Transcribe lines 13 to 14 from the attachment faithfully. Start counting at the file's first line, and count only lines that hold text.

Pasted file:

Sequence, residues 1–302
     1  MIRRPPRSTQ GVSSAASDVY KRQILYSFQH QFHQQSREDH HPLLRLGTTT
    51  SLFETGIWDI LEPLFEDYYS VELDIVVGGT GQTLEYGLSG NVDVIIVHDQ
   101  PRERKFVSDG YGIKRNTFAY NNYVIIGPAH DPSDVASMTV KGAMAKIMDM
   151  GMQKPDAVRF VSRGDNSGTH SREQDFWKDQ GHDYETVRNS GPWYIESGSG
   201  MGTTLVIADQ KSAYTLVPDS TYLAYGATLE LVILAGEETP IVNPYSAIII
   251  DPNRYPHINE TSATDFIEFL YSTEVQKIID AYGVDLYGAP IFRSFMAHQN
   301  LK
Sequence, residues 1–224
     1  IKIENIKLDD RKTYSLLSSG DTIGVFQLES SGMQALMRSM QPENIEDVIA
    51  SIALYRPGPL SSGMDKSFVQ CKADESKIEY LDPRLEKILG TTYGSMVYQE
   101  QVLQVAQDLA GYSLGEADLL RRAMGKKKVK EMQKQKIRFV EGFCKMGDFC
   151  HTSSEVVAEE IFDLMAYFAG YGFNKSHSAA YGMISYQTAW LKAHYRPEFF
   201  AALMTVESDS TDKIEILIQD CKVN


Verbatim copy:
   151  HTSSEVVAEE IFDLMAYFAG YGFNKSHSAA YGMISYQTAW LKAHYRPEFF
   201  AALMTVESDS TDKIEILIQD CKVN